• Your Order Might Get Delayed. I hate to gripe about one delivery company, but I’ve found most of these services use a certain delivery company that’s usually more “off track” than on. You come home from work expecting a box on your doorstep so you can make dinner, only to find it wasn’t delivered and you’re stuck scrambling eggs or raiding the pantry.
  • Little to No Control Over What You Get. If you don’t eat fish, you can select “no fish”; if you’re vegetarian, you can tell them that. But if you don’t like onions, there’s nothing you can do except to not include them in the recipe when you’re cooking.

Variable

  • Healthfulness. This varies TREMENDOUSLY based on the service you’re going with, so…

…I’ve tried out several services to give you my reviews.

Blue Apron

This was the first of these services that I heard of. Lured in by their ads on social media, I gave them a try a few years ago. We enjoyed nearly everything they sent us (me more so than my rather picky husband). Cooking time was usually in the 30 minute range. $60 gets 3 dinners that each were supposed to serve 2. I found that nearly every meal was enough for both my husband and I at dinner, plus leftovers for at least one of us for lunch the next day. I would consider the meals to be decently balanced, but definitely high calorie (which is why we had leftovers). Since you’re cooking every part of the meal, it was easy to control the ingredients. Don’t like spicy foods – don’t add so much cayenne; watching your sodium – don’t add salt; etc.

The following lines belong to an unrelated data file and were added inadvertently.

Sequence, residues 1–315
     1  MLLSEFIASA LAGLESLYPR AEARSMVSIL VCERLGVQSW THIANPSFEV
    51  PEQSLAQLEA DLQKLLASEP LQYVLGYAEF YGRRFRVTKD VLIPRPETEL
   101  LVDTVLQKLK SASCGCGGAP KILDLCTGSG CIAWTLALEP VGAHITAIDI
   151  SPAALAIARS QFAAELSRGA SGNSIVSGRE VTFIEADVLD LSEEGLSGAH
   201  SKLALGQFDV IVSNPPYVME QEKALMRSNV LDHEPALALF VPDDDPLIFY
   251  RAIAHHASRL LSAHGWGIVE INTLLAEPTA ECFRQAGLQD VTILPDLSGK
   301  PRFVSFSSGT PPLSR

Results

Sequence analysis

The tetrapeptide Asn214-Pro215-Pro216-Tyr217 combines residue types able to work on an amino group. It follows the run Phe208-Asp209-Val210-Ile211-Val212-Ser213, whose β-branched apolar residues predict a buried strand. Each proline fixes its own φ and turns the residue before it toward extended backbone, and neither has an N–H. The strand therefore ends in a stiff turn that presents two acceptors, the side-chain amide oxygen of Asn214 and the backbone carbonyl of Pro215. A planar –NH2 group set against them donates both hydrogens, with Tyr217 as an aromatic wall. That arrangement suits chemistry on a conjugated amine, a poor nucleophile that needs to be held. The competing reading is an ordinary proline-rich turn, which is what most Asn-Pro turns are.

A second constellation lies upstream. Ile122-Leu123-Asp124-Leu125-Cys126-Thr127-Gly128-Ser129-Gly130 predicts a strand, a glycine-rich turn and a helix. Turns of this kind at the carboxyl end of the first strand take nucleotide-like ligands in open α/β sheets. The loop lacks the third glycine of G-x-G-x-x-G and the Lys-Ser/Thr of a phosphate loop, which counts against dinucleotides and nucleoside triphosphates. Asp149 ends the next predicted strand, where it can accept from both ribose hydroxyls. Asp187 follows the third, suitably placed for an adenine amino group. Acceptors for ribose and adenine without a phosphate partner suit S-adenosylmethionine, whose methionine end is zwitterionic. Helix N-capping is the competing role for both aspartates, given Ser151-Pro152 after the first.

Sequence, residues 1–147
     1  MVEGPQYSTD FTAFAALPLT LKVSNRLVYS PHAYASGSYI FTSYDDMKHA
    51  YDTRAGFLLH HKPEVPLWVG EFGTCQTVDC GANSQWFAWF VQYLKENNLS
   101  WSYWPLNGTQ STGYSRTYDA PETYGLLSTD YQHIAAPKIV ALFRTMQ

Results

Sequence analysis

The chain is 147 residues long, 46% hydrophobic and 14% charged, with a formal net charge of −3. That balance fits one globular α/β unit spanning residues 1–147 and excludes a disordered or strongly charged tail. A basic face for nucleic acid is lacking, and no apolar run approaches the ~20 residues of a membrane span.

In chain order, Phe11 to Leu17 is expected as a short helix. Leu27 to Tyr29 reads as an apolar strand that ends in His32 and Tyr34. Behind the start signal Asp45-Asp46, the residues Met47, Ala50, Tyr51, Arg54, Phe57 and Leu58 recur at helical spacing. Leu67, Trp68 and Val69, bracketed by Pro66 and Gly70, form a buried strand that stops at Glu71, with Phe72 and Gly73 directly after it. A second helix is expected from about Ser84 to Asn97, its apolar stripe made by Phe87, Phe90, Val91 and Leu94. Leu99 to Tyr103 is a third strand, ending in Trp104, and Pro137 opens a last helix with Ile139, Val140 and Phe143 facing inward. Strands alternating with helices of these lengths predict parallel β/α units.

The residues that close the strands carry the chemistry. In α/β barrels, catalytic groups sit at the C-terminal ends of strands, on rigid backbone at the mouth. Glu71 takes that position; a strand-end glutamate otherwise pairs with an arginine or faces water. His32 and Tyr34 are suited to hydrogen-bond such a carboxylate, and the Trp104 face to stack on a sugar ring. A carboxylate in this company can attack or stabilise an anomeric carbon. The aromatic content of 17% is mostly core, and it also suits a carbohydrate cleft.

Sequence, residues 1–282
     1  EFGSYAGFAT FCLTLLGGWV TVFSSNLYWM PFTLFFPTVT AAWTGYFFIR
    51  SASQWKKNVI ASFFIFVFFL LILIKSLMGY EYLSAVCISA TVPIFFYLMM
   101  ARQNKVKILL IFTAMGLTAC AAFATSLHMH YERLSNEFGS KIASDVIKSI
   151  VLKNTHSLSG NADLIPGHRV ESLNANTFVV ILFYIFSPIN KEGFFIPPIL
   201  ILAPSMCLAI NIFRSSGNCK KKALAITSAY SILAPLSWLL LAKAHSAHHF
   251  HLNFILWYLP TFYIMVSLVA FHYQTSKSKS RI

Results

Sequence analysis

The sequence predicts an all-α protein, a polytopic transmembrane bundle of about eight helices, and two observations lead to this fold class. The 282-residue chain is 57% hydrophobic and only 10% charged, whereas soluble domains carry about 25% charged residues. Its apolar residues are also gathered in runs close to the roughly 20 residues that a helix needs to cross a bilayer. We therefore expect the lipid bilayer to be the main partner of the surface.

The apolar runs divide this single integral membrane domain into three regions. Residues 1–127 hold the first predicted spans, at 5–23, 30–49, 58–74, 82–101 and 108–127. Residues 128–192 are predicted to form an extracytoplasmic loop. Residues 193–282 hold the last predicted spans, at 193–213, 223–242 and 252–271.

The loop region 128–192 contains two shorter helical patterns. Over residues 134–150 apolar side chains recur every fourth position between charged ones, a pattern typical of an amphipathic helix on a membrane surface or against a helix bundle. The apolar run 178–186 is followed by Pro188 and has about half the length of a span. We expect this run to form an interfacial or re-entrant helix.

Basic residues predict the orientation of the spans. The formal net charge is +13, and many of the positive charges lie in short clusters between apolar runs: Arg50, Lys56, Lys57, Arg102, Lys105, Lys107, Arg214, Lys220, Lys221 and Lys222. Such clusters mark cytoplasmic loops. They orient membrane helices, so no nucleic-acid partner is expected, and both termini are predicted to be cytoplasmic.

Green Blender

I’ve been a fan of veggie smoothies for a while now, and was excited to try a service specifically for that. Green Blender sends you what you need to make 5 smoothie recipes, 2 servings each. That’s 10 smoothies, at a cost of $50. It was kind of fun to try expensive, trendy “superfood” ingredients I wouldn’t otherwise buy in large quantities from the store (here’s a refresher on my opinion on “superfoods”). But NO prep has been done, and depending on the strength of your blender, you might still have a lot of chopping to do beforehand, which for me, made the price of this service that much less appealing. Ultimately it just wasn’t that much food – all produce – for $50, and there was still a lot of work to do in prep and cleanup.

Daily Harvest